The opposition has raised conflict-of-interest concerns over another agreement headed to the National Assembly today guaranteeing the government will buy electricity from a power plant to be constructed by a company owned by ruling party Senator Lao Meng Khin.
However, it was unclear yesterday whether the guarantee to buy electricity from a 135 megawatt, US$181 million coal-fired plant to be built by Cambodia International Investment Development Group Co Ltd in Preah Sihanouk province is new or part of an existing deal.
In June the National Assembly passed an agreement, after gagging opposition questions, guaranteeing the government would buy electricity from a 270 megawatt plant to be built by the firm at a price observers said appeared to be the highest for power seen in Cambodia – 8.43 cents per kilowatt hour.
The duration and tax exemptions in that deal were identical to those in the guarantee headed to the National Assembly today.
In August the Post reported that Chinese government documents revealed CIIDG, and its Chinese partner Mongolia Erdos Hongjun Holding Group, planned to begin building two 135-megwatt power plants (270 megawatts in total) in Sihanoukville in April, 2012 at a cost of $383 million.
This followed approval last December for CIIDG to construct and operate a $362 mill-ion plant in the same province.
Mu Sochua said it was not clear if the deal was new or part of an existing agreement, but added she did not understand why the same guarantee would be sent to the assembly twice.
“We still have the same concerns that the public will pay for this and the quality of the coal . . . will badly affect the environment,” she said.
The most recently obtained guarantee, signed by Prime Minster Hun Sen on August 29, sets the purchase price again at 8.43 cents per kilowatt-hour.
It grants CIIDG a 33-year build/own/operate licence, with a nine-year exemption from value-added tax, estimating the plant will produce 895 million kilowatt hours of electricity a year – worth about $4.6 million in revenue to the state in tax a year.
Sam Rainsy Party lawmaker Son Chhay called the deal “unbelievable” and said awarding such a licence to a firm linked to a government senator smacked of endemic corruption.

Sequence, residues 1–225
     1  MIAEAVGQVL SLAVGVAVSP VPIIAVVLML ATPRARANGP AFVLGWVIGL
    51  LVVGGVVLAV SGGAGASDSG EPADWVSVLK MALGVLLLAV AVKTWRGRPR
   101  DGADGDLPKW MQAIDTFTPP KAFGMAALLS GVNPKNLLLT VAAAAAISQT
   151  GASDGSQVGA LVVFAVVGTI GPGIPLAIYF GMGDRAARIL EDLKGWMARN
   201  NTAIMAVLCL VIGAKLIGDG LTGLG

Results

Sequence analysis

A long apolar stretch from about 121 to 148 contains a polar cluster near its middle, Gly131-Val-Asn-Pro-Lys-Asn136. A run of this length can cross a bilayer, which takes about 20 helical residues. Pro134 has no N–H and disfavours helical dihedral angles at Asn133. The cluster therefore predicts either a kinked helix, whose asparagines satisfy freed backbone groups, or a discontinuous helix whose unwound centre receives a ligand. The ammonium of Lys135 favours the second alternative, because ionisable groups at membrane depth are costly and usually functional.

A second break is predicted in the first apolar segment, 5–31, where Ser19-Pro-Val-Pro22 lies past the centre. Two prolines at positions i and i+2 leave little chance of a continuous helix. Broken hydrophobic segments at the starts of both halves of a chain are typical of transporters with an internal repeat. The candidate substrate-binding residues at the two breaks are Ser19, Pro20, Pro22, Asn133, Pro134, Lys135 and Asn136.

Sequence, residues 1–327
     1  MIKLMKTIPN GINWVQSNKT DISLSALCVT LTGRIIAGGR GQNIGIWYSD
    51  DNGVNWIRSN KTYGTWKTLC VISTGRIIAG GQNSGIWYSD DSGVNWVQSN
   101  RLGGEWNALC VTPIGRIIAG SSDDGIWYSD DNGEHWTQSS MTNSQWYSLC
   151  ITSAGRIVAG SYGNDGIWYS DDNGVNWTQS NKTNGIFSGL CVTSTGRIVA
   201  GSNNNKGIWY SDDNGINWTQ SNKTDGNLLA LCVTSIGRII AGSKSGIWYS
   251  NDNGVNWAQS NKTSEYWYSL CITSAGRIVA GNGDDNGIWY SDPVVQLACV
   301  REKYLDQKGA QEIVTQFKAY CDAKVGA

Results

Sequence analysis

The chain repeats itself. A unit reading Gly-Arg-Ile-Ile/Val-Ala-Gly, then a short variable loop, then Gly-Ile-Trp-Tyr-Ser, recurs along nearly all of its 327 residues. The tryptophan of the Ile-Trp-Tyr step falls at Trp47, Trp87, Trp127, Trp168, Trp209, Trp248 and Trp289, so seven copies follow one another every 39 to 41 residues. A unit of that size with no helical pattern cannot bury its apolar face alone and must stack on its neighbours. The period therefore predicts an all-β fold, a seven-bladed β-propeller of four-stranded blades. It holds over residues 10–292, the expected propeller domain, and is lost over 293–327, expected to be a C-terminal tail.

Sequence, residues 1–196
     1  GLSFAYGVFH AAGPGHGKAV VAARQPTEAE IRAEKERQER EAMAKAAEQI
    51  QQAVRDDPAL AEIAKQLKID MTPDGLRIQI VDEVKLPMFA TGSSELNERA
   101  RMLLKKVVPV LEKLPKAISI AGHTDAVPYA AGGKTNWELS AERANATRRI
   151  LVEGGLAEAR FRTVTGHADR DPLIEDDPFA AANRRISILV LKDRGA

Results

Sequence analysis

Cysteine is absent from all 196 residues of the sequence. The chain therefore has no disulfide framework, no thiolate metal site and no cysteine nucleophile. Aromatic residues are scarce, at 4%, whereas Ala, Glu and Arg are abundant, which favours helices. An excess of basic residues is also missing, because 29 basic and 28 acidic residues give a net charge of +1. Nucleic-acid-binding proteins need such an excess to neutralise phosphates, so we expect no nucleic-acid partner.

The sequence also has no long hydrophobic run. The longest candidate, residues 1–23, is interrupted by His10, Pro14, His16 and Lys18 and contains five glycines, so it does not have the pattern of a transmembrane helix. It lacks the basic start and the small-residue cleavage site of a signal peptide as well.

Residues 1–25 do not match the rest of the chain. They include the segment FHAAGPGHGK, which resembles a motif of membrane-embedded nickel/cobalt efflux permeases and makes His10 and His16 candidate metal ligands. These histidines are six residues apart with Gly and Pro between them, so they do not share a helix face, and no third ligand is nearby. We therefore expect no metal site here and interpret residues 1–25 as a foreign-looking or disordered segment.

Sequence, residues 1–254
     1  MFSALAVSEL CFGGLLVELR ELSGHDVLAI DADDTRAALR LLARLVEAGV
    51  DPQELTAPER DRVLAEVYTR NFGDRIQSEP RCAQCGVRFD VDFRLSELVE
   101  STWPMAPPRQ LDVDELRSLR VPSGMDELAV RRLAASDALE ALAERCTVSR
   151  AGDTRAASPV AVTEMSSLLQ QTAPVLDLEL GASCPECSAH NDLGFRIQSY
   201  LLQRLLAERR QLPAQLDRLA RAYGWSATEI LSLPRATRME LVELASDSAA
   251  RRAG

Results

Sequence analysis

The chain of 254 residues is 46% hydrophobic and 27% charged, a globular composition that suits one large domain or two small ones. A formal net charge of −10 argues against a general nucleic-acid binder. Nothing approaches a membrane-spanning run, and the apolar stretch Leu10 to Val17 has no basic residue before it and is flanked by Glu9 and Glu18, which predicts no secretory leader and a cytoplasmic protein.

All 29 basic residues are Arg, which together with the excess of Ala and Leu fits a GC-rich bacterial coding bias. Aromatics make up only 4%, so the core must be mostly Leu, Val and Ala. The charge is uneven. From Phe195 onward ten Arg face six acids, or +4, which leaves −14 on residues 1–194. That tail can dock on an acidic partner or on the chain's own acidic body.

“It’s become a habit now. And the CPP [Cambodian People’s Party] will no doubt raise their hands following the prime minister, but the opposition cannot support this bad deal made behind closed doors,” he said.
Ek Tha, a deputy director of the press unit at the Council of Ministers, said Cambodian firms needed to develop infrastructure and could not just wait “for the outsiders to help us all the time”.
“We do not want to hear that some investors are complaining about the high cost of electricity in Cambodia compared to neighbouring countries. That is why we cannot just stand and watch as foreign investors might shift to other countries.”
Son Chhay called for an independent environmental impact assessment. “It’s a tourist destination, it could pollute the area and ruin the tourist business.”
The contract provides scant detail on the plant’s location, but Ith Prang, secretary of state at the Ministry of Industry Mines and Energy, said it would be in Stung Hao district.
Electricity from the plant would be sold to the wholly state-owned Electricité du Cambodge through a power purchasing agreement.
Erdos and Lao Meng Khin’s Shukaku group are the developers of the controversial Boeung Kak development, which has displaced thousands of families without proper compensation.
Erdos declined to comment yesterday and Lao Meng Khin could not be reached.